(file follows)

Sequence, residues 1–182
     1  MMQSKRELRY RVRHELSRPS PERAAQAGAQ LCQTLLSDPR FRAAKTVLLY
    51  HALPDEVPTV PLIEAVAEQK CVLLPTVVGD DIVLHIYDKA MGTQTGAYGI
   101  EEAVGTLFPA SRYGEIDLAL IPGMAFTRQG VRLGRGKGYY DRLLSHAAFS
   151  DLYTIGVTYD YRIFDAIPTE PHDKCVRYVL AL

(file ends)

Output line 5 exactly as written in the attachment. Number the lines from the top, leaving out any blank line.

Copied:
   151  DLYTIGVTYD YRIFDAIPTE PHDKCVRYVL AL